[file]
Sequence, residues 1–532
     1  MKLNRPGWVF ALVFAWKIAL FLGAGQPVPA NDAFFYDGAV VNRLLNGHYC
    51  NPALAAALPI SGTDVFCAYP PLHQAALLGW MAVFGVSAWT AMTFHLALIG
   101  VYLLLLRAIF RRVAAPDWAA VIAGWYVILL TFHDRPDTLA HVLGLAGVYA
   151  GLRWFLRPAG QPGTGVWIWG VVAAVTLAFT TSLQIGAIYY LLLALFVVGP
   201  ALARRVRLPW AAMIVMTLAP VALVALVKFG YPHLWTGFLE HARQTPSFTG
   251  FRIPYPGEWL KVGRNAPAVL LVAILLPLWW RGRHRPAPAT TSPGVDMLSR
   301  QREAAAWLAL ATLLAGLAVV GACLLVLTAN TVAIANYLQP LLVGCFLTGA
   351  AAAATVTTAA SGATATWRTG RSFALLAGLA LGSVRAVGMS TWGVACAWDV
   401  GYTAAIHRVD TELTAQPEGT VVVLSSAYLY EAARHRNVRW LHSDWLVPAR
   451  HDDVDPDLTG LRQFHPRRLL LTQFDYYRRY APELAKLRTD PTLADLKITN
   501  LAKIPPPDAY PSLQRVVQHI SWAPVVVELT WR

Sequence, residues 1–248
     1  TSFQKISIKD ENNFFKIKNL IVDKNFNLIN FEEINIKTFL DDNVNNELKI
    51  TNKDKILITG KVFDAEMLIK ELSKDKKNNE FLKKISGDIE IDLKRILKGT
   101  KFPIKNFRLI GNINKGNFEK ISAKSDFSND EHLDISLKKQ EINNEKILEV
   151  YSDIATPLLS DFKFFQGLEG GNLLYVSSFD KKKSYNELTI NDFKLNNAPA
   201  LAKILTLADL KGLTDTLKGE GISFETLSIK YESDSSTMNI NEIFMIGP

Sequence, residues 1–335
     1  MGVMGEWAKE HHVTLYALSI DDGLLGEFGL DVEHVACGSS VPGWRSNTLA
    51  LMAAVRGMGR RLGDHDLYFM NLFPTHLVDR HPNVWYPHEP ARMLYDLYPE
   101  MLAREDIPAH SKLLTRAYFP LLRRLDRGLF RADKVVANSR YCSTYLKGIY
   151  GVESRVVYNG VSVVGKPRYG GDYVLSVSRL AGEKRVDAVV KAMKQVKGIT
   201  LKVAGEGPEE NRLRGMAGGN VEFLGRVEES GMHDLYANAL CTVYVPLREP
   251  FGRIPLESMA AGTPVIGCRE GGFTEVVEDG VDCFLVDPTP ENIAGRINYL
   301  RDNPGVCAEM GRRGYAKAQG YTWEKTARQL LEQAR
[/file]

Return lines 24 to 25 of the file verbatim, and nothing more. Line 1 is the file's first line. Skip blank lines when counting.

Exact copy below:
   201  LKVAGEGPEE NRLRGMAGGN VEFLGRVEES GMHDLYANAL CTVYVPLREP
   251  FGRIPLESMA AGTPVIGCRE GGFTEVVEDG VDCFLVDPTP ENIAGRINYL